PMQs sketch: Nowhere to hide for Cameron over his NHS reforms disaster

Moving the goalposts: Probably much harder work than you'd think
Moving the goalposts: Probably much harder work than you'd think

The government's NHS reforms are in critical condition. After today's roasting from an in-form Ed Miliband, surely even the spin doctors can't save them now.

By Alex Stevenson

It has been a few weeks since Ed Miliband chose to concentrate his entire ration of questions on a single topic. Maybe this was the reason it felt like David Cameron was on the receiving end of a barrage of never-ending, unrelenting bombardment. Every question saw Miliband push the prime minister further and further into his corner. This is one-way traffic: it was, for once, a triumph for the leader of the opposition.

Football analogies are usually a sign a politician is feeling desperate. So, when Cameron complained that "even when he moves the goalposts he can't put it in the back of the net", we knew he was feeling a little off his game. "The person who's missing the goals," Miliband shot back, "is the prime minister." Ed Miliband has given us numerous demonstrations of his curious ability to miss open goals, but he did not make any mistakes today.


Cameron even resorted to personal attacks against Miliband's leadership. Earlier this year his deliberate low blows had a withering, bullying quality, a kind of genuine pitiable-little-worm feel which actually threatened to topple the Labour leader. Not today. "This is a campaign to save his leadership," Cameron protested.

Playing the man and not the ball might work in a slow news week, but not when the government's extraordinarily unpopular NHS reforms are at stake. For all his faults Miliband has not fallen for the temptations of hyperbole, that perpetual peril which awaits all opposition politicians. When he says - in a tender, more-to-be-pitied-than-censured tone, to boot - that Cameron knows in his heart of hearts this is a complete disaster", he means business.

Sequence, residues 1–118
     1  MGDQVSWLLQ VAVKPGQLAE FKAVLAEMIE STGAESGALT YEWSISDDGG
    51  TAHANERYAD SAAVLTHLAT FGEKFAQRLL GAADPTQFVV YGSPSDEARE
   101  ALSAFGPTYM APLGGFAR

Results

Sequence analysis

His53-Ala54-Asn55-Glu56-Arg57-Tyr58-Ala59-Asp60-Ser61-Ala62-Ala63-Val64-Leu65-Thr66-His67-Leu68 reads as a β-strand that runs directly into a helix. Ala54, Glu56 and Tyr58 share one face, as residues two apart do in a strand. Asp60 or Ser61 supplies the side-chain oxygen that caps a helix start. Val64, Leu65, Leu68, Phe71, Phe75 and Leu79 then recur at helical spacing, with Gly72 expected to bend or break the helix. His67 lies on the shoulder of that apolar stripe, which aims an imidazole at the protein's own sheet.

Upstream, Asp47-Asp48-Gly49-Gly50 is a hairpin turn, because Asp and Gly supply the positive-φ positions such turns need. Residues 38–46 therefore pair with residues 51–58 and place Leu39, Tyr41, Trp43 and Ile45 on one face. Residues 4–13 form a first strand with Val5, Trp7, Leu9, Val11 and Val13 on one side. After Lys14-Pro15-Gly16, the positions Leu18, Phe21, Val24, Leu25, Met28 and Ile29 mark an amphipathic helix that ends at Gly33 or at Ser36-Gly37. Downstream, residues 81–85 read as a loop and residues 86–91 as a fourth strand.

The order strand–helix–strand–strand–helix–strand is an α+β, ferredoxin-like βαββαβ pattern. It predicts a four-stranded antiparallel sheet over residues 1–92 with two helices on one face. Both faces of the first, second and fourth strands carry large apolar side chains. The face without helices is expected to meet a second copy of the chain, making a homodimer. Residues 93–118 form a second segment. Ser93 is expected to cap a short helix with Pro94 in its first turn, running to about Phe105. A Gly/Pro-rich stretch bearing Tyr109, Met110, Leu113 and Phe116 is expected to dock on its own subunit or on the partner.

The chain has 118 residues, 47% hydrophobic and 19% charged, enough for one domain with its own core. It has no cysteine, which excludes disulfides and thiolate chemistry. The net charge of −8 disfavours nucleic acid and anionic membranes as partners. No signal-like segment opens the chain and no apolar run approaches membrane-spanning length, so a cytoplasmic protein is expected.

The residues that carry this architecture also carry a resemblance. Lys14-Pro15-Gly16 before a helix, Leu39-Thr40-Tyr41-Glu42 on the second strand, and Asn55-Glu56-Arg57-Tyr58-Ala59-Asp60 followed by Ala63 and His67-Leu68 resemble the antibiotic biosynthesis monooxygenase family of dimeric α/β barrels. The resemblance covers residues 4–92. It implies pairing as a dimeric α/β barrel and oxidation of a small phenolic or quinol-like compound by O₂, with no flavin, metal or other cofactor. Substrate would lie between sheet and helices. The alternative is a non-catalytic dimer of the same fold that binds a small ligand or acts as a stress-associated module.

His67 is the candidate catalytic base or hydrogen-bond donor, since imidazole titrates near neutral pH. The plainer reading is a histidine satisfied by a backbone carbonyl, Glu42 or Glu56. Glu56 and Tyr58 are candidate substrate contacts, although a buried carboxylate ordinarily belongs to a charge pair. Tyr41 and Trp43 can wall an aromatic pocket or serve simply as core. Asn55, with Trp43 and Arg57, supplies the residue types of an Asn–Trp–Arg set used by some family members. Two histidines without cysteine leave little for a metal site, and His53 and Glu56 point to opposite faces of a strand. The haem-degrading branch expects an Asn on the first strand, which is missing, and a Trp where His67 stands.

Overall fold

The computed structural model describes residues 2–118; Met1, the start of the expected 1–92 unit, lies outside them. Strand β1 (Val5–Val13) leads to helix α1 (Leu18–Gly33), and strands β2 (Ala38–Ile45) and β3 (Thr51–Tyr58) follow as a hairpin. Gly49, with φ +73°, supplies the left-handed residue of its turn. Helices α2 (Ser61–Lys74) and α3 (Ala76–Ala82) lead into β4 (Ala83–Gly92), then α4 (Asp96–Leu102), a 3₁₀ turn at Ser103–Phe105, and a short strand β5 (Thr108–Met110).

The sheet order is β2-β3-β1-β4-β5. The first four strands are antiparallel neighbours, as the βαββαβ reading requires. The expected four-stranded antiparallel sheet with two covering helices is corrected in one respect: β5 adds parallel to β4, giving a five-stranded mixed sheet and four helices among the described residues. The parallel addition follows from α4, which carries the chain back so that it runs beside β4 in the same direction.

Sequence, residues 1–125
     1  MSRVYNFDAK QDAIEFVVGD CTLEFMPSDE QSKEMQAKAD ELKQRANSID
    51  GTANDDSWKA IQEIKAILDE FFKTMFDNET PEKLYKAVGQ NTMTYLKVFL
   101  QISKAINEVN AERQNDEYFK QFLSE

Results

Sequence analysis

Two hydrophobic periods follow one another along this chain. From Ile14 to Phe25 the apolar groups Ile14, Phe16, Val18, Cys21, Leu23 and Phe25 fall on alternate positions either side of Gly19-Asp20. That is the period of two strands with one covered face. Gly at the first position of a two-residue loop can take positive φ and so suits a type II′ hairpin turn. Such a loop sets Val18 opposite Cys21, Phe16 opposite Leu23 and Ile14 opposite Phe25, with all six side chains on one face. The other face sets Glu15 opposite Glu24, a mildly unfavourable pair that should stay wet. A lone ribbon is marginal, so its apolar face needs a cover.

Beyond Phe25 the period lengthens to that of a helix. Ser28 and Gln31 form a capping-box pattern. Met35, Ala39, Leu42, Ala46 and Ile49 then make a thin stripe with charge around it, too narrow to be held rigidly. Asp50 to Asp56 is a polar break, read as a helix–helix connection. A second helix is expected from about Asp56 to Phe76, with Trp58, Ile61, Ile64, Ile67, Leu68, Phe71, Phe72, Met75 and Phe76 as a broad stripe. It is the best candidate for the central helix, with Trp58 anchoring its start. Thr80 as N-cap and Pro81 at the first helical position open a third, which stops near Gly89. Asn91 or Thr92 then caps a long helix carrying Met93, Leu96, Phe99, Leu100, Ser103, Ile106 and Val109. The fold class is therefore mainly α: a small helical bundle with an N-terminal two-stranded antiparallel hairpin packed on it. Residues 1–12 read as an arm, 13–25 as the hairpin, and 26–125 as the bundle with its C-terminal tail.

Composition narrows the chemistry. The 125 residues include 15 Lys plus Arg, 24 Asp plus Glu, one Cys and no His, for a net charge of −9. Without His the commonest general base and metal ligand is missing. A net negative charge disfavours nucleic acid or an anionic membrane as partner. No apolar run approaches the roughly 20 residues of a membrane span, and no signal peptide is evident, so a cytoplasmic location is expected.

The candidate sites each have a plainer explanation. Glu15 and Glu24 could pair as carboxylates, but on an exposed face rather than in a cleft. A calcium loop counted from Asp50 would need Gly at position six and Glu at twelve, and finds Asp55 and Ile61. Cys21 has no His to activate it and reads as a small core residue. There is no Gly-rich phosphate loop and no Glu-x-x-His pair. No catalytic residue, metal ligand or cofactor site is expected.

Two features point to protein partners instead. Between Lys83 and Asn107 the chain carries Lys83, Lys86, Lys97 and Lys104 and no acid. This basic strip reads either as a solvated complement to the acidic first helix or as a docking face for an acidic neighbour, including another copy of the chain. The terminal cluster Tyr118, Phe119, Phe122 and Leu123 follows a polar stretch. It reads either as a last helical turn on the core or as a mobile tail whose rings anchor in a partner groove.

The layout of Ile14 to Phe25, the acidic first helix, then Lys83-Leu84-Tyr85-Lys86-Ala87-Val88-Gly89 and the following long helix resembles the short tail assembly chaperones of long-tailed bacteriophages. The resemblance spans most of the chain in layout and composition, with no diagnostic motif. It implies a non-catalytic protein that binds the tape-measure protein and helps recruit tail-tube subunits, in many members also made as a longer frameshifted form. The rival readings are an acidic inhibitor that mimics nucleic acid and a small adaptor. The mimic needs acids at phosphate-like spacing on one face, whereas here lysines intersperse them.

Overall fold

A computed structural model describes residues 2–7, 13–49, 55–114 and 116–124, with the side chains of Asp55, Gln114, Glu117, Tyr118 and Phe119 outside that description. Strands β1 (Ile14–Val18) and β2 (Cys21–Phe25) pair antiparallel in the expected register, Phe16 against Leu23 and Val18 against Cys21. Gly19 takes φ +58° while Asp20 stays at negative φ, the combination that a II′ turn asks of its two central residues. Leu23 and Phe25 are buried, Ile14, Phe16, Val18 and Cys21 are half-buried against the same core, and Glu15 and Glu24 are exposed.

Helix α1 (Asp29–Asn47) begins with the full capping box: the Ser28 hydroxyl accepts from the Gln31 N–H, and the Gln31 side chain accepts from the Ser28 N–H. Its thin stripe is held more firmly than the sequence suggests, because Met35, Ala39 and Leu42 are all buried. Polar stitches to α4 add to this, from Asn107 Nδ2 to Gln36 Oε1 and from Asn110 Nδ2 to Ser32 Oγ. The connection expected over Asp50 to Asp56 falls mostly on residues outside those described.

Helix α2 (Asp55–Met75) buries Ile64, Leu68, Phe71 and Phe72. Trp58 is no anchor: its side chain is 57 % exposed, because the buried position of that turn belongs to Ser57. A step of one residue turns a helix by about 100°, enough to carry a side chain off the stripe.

The Labour backbenchers were in a much more cheerful mood leaving the chamber than they were at the start. They are fed up at having the mild 'hear-hear' they give Miliband when he is called to speak interrupted by sarcastic cheers from government MPs. "We are taking people with us," Miliband began with, prompting cruel laughter from opposite. Cameron grinned as the Speaker made an early interruption. Those Labour MPs looked as grumpy as they did when their man at the despatch box was Gordon Brown.

But then, through cumulative, attritional questioning, Miliband slowly developed his attack. He quoted the "irreparable damage" warned of by the Royal College of general Practitioners. He scoffed at the Tory Reform group's concerns (even Nick Clegg couldn't help but smile at this). He mocked Cameron for being "agitated". The last was not quite accurate: the PM was more like an automaton, mouthing the same platitudes about cutting bureaucracy and improving the NHS that he has for over a year.

Another tired tactic of the PM's is his reliance on blaming the last government. The one group of people he definitely won't be taking lessons from are Labour, he made clear. Shadow chancellor Ed Balls nodded along, eyes gleaming, in sarcastic approval. Miliband leapt up: "I'll tell him about our record in the NHS!" he declared, before listing achievement after achievement. His elder brother David, whose article of two weeks ago called for Labour to be prouder of its record in power, will doubtless be very pleased.

"If the record was so good," Cameron replied rather woodenly, "why were they thrown out at the last election?"

There were no cheers from the Tory benches, and then - after a brief pause - triumphant shouts from the opposition. They were pointing out Cameron's failure to secure an overall majority in 2010. It was the kind of slip-up which the PM makes very rarely. On the kind of off-day he suffered today it stuck in the memory.

If the campaign to save the NHS is also a campaign to save Miliband's leadership, it's certainly working.

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